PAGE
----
State and local governments are using money from the State and Local Fiscal Recovery Fund (SLFRF) to experiment with new pilot programs that tackle issues arising from the pandemic. Here are examples of pilot programs from Connecticut and Iowa, Milwaukee and Orange counties, and San José and Washington, D.C. as described in the recipients’ SLFRF Recovery Plans submitted to the U.S. Department of the Treasury.
EFPR Group, CPA's PLLC, has been engaged by the Office of the District of Columbia Auditor to assess whether the $495 million received by the District of Columbia from the Coronavirus Relief Fund which was established under the CARES Act were spent in compliance with Federal and District of Columbia laws and regulations. As part of the scope of this engagement, the receipt of the $495 million was observed and analyzed to verify that the District of Columbia received the maximum available from Federal legislation.
Former attorney, convicted of stealing from client and defrauding friend, pleads guilty to defrauding taxpayers by falsely claiming COVID program benefits
Tacoma – A disbarred attorney, sentenced last year to 18 months in prison for stealing from a deceased client’s estate and defrauding a friend, pleaded guilty today to wire fraud and making false statements for her scheme to illegally claim COVID pandemic benefits, and lie to the government about her income, announced Acting U.S. Attorney Tessa M. Gorman.
The purpose of this audit was to compare D.C. nursing homes to surrounding jurisdictions and national rates to summarize how D.C. nursing homes responded to the COVID-19 pandemic. When compared to the national average, D.C. nursing homes experienced lower resident case and death rates in the late summer and early fall of 2020 relative to the national average during that same time. D.C. also experienced lower staff case rates than the national average prior to the Alpha wave and similar staff case rates after the Alpha wave.
The Office of the District of Columbia Auditor is participating in the National Data Quality COVID-19 Audit effort led by the Delaware State Auditor. This multistate audit seeks to gather information about what COVID-19 data states are collecting and reporting to provide a basis for improved and more consistent data collection nationally in the future. DC Health has built detailed systems and teams to collect, analyze, and report COVID-19 data. At the same time, opportunities exist for reporting more information that the public needs.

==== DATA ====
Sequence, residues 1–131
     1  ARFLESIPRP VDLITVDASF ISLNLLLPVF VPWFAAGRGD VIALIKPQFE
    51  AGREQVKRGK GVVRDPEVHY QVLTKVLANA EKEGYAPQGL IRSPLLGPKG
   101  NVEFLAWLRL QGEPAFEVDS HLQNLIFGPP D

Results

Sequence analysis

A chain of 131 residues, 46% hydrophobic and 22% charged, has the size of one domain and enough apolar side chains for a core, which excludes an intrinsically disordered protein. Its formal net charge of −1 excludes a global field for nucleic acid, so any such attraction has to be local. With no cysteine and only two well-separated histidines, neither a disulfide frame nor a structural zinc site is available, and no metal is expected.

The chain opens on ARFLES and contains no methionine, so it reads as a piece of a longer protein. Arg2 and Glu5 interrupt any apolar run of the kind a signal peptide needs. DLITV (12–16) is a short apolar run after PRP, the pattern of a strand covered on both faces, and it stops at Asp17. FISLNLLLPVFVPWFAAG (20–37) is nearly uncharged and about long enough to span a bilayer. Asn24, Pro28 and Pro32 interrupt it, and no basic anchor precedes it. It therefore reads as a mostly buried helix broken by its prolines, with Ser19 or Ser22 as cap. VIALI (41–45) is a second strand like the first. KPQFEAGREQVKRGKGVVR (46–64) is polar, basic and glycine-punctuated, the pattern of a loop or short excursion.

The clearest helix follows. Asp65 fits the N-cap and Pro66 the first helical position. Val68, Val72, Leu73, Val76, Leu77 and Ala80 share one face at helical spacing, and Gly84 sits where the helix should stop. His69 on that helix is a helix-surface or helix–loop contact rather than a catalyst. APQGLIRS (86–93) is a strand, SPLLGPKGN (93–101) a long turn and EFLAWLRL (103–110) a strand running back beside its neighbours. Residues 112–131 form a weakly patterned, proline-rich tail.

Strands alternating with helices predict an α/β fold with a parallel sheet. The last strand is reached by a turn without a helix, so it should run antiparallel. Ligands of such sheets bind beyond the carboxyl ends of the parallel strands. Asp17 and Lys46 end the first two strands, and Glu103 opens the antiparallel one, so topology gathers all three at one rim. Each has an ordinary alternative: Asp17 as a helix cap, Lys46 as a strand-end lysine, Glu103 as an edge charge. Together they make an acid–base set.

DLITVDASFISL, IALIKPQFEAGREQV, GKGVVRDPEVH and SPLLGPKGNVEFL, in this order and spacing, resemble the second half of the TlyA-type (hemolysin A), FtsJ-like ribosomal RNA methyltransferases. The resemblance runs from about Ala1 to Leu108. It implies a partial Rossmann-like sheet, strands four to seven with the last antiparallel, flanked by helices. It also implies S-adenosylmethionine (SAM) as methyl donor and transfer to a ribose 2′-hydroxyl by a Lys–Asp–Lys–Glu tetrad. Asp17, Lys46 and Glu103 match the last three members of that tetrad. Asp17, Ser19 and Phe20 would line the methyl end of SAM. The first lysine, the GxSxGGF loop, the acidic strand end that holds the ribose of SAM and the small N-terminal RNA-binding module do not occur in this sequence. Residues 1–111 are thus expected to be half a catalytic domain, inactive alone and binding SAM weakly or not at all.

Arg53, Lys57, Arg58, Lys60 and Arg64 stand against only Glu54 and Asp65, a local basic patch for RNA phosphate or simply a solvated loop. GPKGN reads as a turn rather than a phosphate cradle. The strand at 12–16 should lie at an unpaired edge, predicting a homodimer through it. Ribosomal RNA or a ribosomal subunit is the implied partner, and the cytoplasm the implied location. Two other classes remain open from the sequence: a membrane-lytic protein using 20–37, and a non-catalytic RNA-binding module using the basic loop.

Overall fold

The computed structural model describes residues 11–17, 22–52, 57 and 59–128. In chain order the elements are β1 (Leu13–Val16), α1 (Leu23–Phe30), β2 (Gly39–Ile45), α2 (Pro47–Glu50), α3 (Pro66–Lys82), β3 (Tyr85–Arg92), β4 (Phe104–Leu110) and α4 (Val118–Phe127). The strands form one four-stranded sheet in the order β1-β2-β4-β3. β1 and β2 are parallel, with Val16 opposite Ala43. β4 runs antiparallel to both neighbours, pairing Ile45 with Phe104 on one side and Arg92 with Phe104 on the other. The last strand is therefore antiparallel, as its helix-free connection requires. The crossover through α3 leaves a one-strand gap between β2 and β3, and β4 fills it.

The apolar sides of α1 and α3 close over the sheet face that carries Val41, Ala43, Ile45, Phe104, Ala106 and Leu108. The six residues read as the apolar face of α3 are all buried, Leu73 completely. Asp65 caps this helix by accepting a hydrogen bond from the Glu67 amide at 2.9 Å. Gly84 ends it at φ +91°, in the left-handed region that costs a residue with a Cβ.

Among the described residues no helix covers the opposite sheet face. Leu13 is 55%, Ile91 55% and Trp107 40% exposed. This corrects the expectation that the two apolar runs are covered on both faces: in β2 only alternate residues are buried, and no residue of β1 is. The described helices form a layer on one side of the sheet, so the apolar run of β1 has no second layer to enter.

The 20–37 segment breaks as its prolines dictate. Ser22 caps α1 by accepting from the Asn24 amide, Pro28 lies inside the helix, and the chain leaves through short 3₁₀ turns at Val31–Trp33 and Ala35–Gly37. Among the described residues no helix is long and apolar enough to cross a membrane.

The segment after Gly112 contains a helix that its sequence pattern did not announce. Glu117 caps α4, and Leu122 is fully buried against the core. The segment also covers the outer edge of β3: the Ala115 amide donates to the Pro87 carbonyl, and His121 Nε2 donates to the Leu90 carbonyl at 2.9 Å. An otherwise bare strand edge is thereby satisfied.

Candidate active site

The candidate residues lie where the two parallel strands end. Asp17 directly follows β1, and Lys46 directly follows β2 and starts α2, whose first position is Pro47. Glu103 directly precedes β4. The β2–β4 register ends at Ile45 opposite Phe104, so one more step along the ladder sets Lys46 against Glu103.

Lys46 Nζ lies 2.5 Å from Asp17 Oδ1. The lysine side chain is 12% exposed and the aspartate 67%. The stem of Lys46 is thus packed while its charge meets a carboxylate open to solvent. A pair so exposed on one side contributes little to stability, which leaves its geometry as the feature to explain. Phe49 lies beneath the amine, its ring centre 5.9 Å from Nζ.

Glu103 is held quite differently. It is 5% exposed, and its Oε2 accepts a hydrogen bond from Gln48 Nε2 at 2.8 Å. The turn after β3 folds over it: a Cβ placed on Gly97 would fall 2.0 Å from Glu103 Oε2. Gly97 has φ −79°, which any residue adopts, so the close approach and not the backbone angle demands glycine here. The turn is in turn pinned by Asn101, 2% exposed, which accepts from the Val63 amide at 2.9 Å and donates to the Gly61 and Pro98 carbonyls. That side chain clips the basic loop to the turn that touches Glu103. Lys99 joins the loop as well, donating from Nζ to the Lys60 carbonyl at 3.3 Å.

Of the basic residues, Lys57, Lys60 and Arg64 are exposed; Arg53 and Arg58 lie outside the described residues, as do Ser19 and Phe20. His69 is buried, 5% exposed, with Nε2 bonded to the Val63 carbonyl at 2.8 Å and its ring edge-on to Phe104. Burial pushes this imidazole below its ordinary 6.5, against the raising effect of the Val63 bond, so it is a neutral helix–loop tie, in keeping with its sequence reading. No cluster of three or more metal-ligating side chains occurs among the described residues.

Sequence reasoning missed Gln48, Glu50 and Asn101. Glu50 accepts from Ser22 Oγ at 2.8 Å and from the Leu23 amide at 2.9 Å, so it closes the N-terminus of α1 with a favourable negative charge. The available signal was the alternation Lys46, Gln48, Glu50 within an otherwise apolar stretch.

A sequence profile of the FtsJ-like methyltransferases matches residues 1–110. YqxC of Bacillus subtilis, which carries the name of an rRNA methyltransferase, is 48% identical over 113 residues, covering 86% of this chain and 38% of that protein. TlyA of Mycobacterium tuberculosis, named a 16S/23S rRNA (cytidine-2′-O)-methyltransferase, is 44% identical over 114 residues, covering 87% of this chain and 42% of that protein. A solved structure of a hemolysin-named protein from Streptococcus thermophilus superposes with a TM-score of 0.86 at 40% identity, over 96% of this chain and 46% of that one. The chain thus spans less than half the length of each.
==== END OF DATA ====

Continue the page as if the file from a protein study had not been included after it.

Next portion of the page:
Georgia Man Pleads Guilty in New York Federal Court on Charges Related to Ponzi and COVID-19 Fraud Schemes
Christopher A. Parris, 41, formerly of Rochester, New York, and currently of Lawrenceville, Georgia, pleaded guilty today to conspiracy to commit mail fraud related to a Ponzi scheme, as well as to wire fraud involving the fraudulent sale of purported N95 masks during the pandemic.
The District's COVID-19 Data Reporting is Strong but Opportunities Exist for Improvement and Increased Transparency
To contribute to the D.C. Department of Health’s (DC Health)2 efforts to inform the public of the COVID-19 pandemic’s impact on District residents and the District’s efforts to contain the spread of the virus, the Office of the D.C. Auditor (ODCA) has compiled the following report, “The District’s COVID-19 Data Reporting is Strong but Opportunities Exist for Improvement and Increased Transparency.” The government’s dissemination of accurate, real-time data is essential to control the spread of COVID-19.
This audit found that the District’s meal sponsors moved quickly to open Grab & Go meal sites in areas of greatest need, but that their efforts could have been supported better by stronger coordination mandated by District leadership. Specifically, we found that 96% of at-risk students had access to at least one meal site located in their home neighborhood cluster in the first month of the COVID-19 pandemic—later growing to 99% by June—but some neighborhoods with many at-risk students could have had better access to meals sooner.